Marisol: So, uh, yeah, it it’s, but I gotta tell you it’s the best feeling in the world because you’ve done something immediately. So if you do an event or you raise awareness, you don’t know how long it’s going to be until you see the results of that, you know, when you get feedback and feedback’s great and it helps a lot, but this was sort of an immediate thing. Um, and I can’t tell you, you know, mothers, their wives crying, saying, “I think he was molesting my daughter.”, uh, dah, dah, dah, dah, other people coming forward. Like it really just kind of provides closure for anyone that, that particular person has been in contact with.

Garrett: Wow.

Marisol: Yeah.

Garrett: And thinking of these, um, experiences that you’ve had, um, where are they happening? Is it abroad or have you done some sting operations within the United States?

Marisol: Oh yeah. I mean, within the United States, you guys know better than anybody where the number one producer, distributor and consumer of child pornography, the customer’s already here. There’s no need to take someone all the way to Thailand or wherever there’s customers there too, but we’ve got it right here, both the supply and the demand. Um, but to answer your question, yes, I’ve done it abroad and in the United States.

Garrett: Um, going back to the fact that you’re an actress and that you’re well known, um, you have millions of followers across your social media platforms. How do you go about not being noticed or identified in the field?

Marisol: Well, the good news is that most of these pedophiles are not watching Riverdale. It’s kind of good.

Garrett: [laughter]

Marisol: Um, but we also have, obviously I don’t sound like this. I sound different sound like a little girl. Um, and then, you know, maybe you can do anything with a makeup wig, different skin, different whatever. And it’s just a completely different, different sort of being, for lack of a better word. I’m not holding myself like this. It’s just a totally different beingness. And as long as I don’t look like, like this really doesn’t really happen.

Garrett: Right. Have you ever been worried in the field? Have there been moments of concern?

Marisol: Yeah. Oh, absolutely. Um, but not that surprisingly, not as often as you might think I did get training. I did have a couple of Navy seals. Um, take me through some training and I had law enforcement take me through some hostage training and, and then, uh, let’s face it. I’m in a room with like 10 guys with some automatic weapons and the connecting room. So I think I’m good. Um, there was only one person that I was worried about showing up because he was 6’5″, um, 280 pounds and, you know, immediately sends a picture of his naked body. And there was no expression on his face whatsoever. Like there wasn’t even the salacious I’m so turned on, I’m selling, you know, sending a naked picture of myself to a kid. It was nothing, he was a robot. And even on the phone with him talking as a kid, he was mechanical and he was the only one that I was worried about. He just was not there. And sure enough, he was the only one that tried to barge down the book, the door, so,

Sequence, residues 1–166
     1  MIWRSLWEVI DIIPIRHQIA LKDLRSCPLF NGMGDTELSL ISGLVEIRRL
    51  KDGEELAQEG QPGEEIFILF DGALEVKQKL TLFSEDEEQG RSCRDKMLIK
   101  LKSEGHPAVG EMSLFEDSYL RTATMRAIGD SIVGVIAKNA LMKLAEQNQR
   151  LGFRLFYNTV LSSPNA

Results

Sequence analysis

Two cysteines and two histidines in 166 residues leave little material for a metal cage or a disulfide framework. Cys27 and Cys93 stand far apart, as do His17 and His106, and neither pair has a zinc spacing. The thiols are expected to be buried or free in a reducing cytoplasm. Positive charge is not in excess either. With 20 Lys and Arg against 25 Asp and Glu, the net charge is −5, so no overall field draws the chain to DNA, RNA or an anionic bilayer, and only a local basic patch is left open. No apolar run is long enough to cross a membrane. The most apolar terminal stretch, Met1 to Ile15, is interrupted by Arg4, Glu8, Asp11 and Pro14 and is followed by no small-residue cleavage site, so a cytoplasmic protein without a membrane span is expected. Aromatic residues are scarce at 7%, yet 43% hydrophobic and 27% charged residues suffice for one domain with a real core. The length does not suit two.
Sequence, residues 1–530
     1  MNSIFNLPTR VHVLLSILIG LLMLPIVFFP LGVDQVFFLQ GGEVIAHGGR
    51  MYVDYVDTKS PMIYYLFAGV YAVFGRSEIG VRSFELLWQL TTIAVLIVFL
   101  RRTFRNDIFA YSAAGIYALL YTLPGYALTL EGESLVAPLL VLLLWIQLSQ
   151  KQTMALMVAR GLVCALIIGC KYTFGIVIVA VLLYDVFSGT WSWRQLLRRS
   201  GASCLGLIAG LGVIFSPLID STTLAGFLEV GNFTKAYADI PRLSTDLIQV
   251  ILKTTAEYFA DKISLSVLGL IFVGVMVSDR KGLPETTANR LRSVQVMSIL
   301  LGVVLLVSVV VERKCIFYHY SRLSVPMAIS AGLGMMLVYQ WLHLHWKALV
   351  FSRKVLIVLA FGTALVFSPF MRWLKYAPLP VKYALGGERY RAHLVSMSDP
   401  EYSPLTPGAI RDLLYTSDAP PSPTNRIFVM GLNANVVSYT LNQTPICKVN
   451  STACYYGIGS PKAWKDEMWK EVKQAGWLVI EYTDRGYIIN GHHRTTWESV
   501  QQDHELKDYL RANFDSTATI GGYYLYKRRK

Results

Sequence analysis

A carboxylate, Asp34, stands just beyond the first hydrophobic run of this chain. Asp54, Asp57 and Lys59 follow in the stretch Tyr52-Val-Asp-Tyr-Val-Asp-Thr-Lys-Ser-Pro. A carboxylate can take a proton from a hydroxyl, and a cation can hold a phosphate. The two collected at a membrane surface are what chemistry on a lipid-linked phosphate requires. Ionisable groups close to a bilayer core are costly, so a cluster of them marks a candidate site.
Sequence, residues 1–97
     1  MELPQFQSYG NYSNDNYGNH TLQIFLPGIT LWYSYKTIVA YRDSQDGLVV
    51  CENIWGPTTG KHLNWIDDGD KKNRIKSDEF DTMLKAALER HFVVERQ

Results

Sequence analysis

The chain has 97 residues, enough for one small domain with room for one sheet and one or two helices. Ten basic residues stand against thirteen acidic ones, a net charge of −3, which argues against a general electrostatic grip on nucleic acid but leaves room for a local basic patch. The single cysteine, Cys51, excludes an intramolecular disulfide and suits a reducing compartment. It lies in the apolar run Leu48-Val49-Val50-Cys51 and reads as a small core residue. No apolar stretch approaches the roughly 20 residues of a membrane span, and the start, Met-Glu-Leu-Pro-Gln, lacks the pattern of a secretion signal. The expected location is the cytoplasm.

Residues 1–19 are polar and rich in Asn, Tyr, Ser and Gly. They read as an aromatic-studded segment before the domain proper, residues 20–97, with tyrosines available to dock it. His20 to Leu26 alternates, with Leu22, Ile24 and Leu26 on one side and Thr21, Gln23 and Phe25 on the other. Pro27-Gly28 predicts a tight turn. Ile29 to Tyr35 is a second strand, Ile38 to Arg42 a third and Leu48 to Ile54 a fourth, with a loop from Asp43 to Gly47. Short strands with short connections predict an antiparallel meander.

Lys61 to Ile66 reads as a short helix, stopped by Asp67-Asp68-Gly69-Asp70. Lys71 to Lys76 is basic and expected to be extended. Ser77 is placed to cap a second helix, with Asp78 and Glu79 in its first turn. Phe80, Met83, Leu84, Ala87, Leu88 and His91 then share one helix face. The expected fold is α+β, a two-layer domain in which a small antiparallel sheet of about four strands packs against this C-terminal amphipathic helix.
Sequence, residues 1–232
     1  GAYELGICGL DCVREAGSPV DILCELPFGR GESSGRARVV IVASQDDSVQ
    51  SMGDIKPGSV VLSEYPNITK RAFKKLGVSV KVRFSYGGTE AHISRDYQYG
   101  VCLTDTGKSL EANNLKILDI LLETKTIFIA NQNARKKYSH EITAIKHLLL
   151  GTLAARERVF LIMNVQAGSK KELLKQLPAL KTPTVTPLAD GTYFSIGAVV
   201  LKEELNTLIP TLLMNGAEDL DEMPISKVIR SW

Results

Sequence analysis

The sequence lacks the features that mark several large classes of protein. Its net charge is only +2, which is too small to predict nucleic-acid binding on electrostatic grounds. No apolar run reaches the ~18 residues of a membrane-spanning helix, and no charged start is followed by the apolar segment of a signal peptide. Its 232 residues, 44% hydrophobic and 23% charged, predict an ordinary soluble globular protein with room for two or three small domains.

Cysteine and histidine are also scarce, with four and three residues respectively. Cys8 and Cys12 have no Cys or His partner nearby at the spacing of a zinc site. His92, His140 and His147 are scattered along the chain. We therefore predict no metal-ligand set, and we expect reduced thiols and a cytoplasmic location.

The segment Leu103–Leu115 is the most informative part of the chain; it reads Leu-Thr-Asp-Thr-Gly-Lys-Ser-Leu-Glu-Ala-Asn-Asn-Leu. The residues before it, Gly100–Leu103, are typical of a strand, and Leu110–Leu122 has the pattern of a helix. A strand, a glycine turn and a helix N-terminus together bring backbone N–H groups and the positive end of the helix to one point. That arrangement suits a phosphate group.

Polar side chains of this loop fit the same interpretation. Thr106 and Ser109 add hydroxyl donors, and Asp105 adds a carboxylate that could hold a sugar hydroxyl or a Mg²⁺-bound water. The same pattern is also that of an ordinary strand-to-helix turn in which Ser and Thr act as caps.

Garrett: Oh, wow.

Marisol: But yeah, no, I think the only thing I worry about is retaliation. Like I make sure that I live in a safe place. Lots of protection.

Garrett: Okay. That makes sense.

Marisol: Yeah.

Garrett: I’m in one of the many interviews you’ve done, Marisol, uh, you said that “You ended up saving children that…”, and I’m quoting you, “You ended up saving children that didn’t even know that they needed to be saved.” Can you talk to that a little bit more? What did you mean when you said that they don’t even know they need to be saved?

Marisol: Yes. So first I can’t take complete credit for that quote. That was Tim Ballard, but saying it with me together on and off and that’s Tim and he does insane work he’s everything. Anyway. Um, so what we mean by that is if you can take one of these guys that’s that is targeting little kids, answering ads, molesting kids, and you take them off the street, you take them and you lock him up. So he can’t do this anymore. You’ve just saved the next kid that he was going to go after. And the next kid he was going to go after, and the next kid he was going to go after. And in fact, one… in one op that we did, we got a guy that was a, might’ve been like in his sixties. And then we got a guy in his twenties. This is in the same town.

Well, the guy in his twenties who was showing up was coached in his little league by the guy in his sixties as well. So we kind of, you can put two and two together and you see the damage that these guys are actually doing. Not only to the person they’re doing it to, but to the next generation and to everyone else, they’re going to do it too. So that’s what I mean by saving kids that didn’t know they needed to be saved. You’re saving a kid from being another victim of, of any of these guys, you know, cause they keep going and going and going and going and going, until they get caught.

Garrett: Okay. Does your organization, or have you as an individual, have you done any work with recovery? Cause you help rescue an individual, a kid. Um, have you helped in any recovery as they transition their mindset back to a healthy state?

Marisol: Yeah. I get you. I get your question. Um, I, when I do do the ops and partnering with, um, another organization that will not do an op, unless there’s a recovery or a place to put that kid. So no matter what, we’re not just taking a kid out or whatever and just good luck and leave them on leaving them on the streets.